Over the past few days, President Ma Ying-jeou (馬英九) has maintained a barrage of attacks against Democratic Progressive Party (DPP) presidential candidate Tsai Ing-wen (蔡英文) over a photograph in one of her campaign flyers showing the wrong type of persimmon. Ma’s camp says that drawing attention to falling fruit prices is damaging to farmers, that the flyer might cause farmers to lose out and therefore contributed to their problems.
Ma has gone overboard trying to squeeze every last drop of political gain out of the persimmon issue. The vast majority of agricultural experts, farmers and farmers’ rights groups agree that the low price for persimmons reflects a supply and demand imbalance for the industry as a whole. It is a problem that has steadily worsened ever since Ma took office and has now reached the stage where fruit farmers are finding it difficult to earn a living.
Ma would have the public believe the culprit for all of this is Tsai’s flyer and its incorrect photo. Could it really be that this fruit flyer is behind the Council of Agriculture’s inability to deal with the supply and demand problems that have cropped up during the past three-and-a-half years?
Many feel that Tsai should take responsibility for the photo. Who, though, is going to take responsibility for the more deep-seated supply and demand problems? Why is this government always looking to pass the buck? What is this mysterious power the flyer has that it can paralyze the council? Doesn’t Council of Agriculture Minister Chen Wu-hsiung (陳武雄) have the resources and power to find a solution?
If it was true that this imbalance was caused solely to Tsai’s flyer, surely the problem would be easy enough to deal with. Ma eagerly seized on the DPP slip-up and has kept up the pressure, but anyone with a bit of common sense can see right through him.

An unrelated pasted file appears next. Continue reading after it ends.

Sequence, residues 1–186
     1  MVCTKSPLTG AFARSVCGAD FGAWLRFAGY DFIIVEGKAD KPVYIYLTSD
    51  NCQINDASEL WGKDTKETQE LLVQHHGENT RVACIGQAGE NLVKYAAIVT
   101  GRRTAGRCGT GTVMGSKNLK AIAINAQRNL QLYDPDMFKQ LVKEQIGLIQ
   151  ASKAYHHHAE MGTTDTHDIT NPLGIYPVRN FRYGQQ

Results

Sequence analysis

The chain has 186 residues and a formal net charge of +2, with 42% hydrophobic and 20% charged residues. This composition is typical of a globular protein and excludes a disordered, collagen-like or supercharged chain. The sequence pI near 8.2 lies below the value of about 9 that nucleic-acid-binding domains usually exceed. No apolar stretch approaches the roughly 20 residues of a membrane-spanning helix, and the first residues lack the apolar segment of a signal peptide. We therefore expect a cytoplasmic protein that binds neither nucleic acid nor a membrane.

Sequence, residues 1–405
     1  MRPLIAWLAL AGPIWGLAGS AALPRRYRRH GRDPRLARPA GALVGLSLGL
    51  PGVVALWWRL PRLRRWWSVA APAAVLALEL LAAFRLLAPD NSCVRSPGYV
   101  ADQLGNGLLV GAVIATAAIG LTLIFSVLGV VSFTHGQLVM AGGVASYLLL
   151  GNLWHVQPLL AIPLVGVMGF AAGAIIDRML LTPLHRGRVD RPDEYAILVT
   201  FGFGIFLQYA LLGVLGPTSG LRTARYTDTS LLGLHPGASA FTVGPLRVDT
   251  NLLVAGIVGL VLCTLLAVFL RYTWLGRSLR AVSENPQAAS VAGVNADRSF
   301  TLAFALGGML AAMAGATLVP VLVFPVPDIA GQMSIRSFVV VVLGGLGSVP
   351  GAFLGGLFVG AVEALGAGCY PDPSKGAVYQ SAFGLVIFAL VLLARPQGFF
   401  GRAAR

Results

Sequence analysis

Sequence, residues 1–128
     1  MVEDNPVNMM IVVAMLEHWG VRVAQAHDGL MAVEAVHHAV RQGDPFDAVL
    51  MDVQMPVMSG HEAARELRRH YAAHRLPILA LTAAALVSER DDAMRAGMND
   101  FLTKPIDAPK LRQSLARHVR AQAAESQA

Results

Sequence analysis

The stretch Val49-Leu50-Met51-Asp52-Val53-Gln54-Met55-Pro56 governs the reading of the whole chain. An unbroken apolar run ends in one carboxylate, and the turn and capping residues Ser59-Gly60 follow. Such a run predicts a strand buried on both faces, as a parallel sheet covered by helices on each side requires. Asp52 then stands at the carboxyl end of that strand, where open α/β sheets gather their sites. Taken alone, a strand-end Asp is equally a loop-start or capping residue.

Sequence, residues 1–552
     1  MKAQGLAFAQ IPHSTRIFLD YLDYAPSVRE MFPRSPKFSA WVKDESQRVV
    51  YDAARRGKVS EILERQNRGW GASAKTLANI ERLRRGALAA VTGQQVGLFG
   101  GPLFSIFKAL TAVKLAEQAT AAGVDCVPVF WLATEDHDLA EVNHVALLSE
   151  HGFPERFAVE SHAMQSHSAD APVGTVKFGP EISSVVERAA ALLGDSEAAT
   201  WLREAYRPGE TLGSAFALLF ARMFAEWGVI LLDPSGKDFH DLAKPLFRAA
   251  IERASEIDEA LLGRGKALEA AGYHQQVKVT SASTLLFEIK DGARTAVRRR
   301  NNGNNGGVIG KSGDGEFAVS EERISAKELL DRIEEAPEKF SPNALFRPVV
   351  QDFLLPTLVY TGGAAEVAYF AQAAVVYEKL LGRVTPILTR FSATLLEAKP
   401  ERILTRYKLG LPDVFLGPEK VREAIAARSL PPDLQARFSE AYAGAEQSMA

After his sustained barrage, the public is beginning to say: “Come now, enough is enough. Stop blaming others for your own incompetence.”
Take astringent persimmons from Chiayi County as an example. The county government was already seeing warning signs of a supply imbalance in September and issued a request on Oct. 25 asking the council to purchase some of the excess fruit. On Nov. 2 the council replied, asking the county to accept a third of the cost of any purchase. Since these purchases are generally paid for by the central government, the county asked the council to pay the full amount, but it refused.
Almost a month later, people began wondering whether Ma allowed the president’s state affairs fund to be used to buy up non-astringent persimmons because they have maintained adequate price levels. Ma then hurriedly announced the government would buy up all the less popular astringent persimmons from Chiayi. Why the change in tune?
A month ago the government made things difficult for Chiayi, but now the growing season is almost over and astringent persimmons are already dropping from the trees. What good does this do for farmers? What have farmers done to deserve this?
Ma has milked this issue for all it is worth, but the public will see through him. Who is responsible for the poor state of the agricultural sector? Who is to take the blame for imbalances of supply and demand?
Clearly it is not the fault of the DPP’s flyer. Ma should not play with fire because if he isn’t careful, he’ll end up getting burned.